Past work has shown that longer queries tend to lead to better retrieval performance. However, this comes at the cost of increased user effort effort and additional system processing. In this paper, we examine whether there are benefits of longer queries beyond performance. We posit that increasing the query length will also lead to a reduction in the retrievability bias. Additionally, we speculate that to minimise retrievability bias as queries become longer, more length normalisation must be applied to account for the increase in the length of documents retrieved. To this end, we perform a retrievability analysis on two TREC collections using three standard retrieval models and various lengths of queries (one to five terms). From this investigation we find that increasing the length of queries reduces the overall retrievability bias but at a decreasing rate. Moreover, once the query length exceeds three terms the bias can begin to increase (and the performance can start to drop). We also observe that more document length normalisation is typically required as query length increases, in order to minimise bias. Finally, we show that there is a strong correlation between performance and retrieval bias. This work raises some interesting questions regarding query length and its affect on performance and bias. Further work will be directed towards examining longer and more verbose queries, including those generated via query expansion methods, to obtain a more comprehensive understanding of the relationship between query length, performance and retrievability bias.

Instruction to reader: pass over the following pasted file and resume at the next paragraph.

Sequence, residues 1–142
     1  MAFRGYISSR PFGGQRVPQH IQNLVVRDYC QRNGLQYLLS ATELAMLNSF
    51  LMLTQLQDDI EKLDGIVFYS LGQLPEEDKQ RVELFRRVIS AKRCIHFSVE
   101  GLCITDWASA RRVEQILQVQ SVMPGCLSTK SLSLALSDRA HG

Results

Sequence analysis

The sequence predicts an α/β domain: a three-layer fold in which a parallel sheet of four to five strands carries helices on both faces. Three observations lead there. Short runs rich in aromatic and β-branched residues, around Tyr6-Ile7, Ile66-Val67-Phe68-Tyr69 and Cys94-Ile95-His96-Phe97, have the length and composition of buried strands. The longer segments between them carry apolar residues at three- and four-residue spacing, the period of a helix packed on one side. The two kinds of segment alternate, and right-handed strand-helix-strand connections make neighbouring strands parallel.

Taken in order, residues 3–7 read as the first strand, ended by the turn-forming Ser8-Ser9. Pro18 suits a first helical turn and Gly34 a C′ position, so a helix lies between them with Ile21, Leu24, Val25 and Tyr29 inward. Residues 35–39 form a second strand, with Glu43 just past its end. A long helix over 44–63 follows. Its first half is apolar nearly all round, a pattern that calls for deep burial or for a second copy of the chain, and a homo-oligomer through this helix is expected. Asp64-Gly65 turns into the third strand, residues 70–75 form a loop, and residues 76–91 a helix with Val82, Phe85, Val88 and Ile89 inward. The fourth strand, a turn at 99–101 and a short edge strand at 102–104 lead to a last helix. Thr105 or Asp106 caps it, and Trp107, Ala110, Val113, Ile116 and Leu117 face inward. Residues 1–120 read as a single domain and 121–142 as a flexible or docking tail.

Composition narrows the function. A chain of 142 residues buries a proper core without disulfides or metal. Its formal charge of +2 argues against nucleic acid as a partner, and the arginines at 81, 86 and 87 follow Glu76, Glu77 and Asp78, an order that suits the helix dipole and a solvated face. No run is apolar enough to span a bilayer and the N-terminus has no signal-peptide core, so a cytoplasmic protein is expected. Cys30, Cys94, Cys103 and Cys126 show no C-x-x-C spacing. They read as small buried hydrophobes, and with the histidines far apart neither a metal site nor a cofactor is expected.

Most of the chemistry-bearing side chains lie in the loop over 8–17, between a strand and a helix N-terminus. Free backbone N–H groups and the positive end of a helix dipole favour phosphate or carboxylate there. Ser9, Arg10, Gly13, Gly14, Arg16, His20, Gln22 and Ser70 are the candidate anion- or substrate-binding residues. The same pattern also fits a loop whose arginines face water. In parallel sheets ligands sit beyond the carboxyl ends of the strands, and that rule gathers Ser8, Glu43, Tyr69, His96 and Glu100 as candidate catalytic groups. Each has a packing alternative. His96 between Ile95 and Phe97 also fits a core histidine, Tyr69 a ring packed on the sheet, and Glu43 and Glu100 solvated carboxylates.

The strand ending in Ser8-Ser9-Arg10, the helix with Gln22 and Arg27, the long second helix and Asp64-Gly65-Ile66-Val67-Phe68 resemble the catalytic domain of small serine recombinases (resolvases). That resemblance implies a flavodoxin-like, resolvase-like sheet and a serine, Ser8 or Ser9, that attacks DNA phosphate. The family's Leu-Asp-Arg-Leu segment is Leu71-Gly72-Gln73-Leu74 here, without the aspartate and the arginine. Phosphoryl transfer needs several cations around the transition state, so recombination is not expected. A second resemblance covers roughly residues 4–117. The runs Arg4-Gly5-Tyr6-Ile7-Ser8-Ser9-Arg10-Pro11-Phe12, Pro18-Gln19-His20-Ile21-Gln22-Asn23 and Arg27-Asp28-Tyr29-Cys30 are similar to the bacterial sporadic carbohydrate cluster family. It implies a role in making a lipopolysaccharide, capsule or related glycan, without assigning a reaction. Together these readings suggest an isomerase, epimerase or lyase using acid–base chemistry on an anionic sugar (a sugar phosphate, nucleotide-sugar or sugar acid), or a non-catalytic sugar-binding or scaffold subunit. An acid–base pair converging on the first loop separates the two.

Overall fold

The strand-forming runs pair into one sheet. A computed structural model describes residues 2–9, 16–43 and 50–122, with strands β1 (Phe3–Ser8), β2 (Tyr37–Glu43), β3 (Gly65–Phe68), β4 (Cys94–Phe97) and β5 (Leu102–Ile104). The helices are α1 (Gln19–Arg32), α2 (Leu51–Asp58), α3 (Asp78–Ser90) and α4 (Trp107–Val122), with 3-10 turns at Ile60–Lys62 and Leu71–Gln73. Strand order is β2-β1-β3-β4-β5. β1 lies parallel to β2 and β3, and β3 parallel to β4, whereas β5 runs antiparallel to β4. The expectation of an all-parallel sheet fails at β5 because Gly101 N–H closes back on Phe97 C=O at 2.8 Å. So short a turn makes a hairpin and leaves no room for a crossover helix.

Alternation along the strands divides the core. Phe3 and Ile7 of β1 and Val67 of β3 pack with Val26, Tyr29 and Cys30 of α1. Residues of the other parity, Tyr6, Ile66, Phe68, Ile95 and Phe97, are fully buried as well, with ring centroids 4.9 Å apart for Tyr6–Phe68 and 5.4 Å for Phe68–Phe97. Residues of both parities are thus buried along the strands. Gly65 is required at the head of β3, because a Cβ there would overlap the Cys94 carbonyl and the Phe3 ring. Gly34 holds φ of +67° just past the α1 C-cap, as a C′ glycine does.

|Title of host publication||CIKM '15 Proceedings of the 24th ACM International on Conference on Information and Knowledge Management|
|Place of Publication||New York, NY, USA|
|Number of pages||4|
|Publication status||Published - 17 Oct 2015|
- query length